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Lord Bach moved Amendments Nos. 75 and 76.



    Page 113, line 27, at end insert--


("(4A) An officer may also give an authorisation under sub-paragraph (1) if he has reasonable grounds for believing that--
(a) the detained person has committed an offence to which Part VI of the Criminal Justice Act 1988, Part I of the Proceeds of Crime (Scotland) Act 1995, or the Proceeds of Crime (Northern Ireland) Order 1996 (confiscation of the proceeds of an offence) applies,
(b) the detained person has benefited from the offence within the meaning of that Part or Order, and
(c) by informing the named person of the detained person's detention (in the case of an authorisation under sub-paragraph (1)(a)), or by the exercise of the right under paragraph 7 (in the case of an authorisation under sub-paragraph (1)(b)), the recovery of the value of that benefit will be hindered.").

On Question, amendments agreed to.

The Deputy Chairman of Committees (Baroness Turner of Camden): In calling Amendment No. 76A, I should point that, if this amendment is agreed to, I cannot call Amendment No. 77.

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Lord Goodhart moved Amendment No. 76A:


    Page 113, line 45, leave out paragraph 9.

The noble Lord said: This is another amendment which has come on the proposal of the Law Society. It removes the requirement that a detainee can consult with his solicitor only in the sight and earshot of a police officer.

Requiring a consultation to take place in the sight and hearing of a police officer breaches the principle that a consultation between a suspect and his solicitor is confidential and protected by legal professional privilege. A suspect has a right to establish what his position is in law and what his legal rights are. He will not be able to give a full account of his situation if his explanation could then be used as evidence against him on the grounds that it had been overheard by the police officer.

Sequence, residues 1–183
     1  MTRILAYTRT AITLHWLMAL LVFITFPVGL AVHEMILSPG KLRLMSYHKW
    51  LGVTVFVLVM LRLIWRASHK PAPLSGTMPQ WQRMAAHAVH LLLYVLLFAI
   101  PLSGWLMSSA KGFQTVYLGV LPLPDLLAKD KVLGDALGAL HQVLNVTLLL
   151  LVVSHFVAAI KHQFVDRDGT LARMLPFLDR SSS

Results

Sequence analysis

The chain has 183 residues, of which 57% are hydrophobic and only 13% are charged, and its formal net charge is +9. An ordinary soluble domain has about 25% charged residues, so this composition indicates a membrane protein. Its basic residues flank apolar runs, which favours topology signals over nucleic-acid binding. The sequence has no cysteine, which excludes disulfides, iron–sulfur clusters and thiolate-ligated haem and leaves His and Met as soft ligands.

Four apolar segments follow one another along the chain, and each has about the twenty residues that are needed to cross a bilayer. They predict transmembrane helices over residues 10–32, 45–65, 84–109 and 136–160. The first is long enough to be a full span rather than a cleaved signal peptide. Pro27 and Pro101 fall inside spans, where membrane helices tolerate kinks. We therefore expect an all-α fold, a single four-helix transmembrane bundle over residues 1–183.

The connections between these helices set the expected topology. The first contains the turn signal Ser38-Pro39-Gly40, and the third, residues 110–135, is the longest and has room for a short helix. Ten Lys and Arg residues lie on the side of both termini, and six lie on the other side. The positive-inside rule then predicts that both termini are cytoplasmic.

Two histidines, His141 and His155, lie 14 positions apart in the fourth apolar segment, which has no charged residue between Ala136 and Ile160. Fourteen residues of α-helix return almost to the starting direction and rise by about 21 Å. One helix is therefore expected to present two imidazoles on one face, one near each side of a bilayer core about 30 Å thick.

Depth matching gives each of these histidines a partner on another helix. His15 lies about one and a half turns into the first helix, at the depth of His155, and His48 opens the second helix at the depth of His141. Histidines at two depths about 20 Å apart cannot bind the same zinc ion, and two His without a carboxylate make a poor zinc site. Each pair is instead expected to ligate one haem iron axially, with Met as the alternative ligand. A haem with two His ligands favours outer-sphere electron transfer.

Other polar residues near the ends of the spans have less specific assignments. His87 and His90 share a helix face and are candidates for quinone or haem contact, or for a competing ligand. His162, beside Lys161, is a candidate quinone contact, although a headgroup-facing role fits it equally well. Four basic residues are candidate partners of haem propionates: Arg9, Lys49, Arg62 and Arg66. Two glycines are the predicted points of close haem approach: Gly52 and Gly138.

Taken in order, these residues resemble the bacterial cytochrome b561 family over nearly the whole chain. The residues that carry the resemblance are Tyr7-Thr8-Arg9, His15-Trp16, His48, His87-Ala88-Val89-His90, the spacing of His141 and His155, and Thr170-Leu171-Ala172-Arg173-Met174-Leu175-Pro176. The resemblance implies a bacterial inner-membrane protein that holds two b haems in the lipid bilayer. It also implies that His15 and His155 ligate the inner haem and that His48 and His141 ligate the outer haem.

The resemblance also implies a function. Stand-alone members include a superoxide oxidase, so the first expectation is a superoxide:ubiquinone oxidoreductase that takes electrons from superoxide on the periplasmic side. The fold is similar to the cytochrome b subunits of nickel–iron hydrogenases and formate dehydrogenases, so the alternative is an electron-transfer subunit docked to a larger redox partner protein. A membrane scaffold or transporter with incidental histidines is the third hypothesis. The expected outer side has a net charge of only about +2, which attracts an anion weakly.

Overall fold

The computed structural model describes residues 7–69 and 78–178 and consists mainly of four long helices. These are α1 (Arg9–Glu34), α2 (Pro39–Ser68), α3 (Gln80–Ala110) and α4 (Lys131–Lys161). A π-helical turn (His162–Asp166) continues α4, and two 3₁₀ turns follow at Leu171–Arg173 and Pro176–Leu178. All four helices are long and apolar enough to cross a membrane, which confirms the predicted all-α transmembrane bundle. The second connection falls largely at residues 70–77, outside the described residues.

Communications made between a lawyer and his client for the purposes of seeking or giving legal advice are privileged and thereby protected from disclosure. The crucial importance of the rule was reinforced by the House of Lords in a decision reported in 1995. The House of Lords said:


    "The principle which runs through all the cases ... is that a man must be able to consult his lawyer in confidence, since otherwise he might hold back half the truth. The client must be sure that what he tells his lawyer in confidence can never be revealed without his consent. Legal professional privilege is thus much more than an ordinary rule of evidence limited in application to the facts of a particular case. It is a fundamental condition on which the administration of justice as a whole rests".

I recognise that it is not a general rule under Schedule 8 that a detainee can consult with his solicitor only within sight and hearing of a police officer. Nevertheless, the fact that in any circumstances an order can be made to that effect is one which I believe is extremely difficult to justify. I look forward with interest to hearing how the Minister does in fact defend that proposition. I beg to move.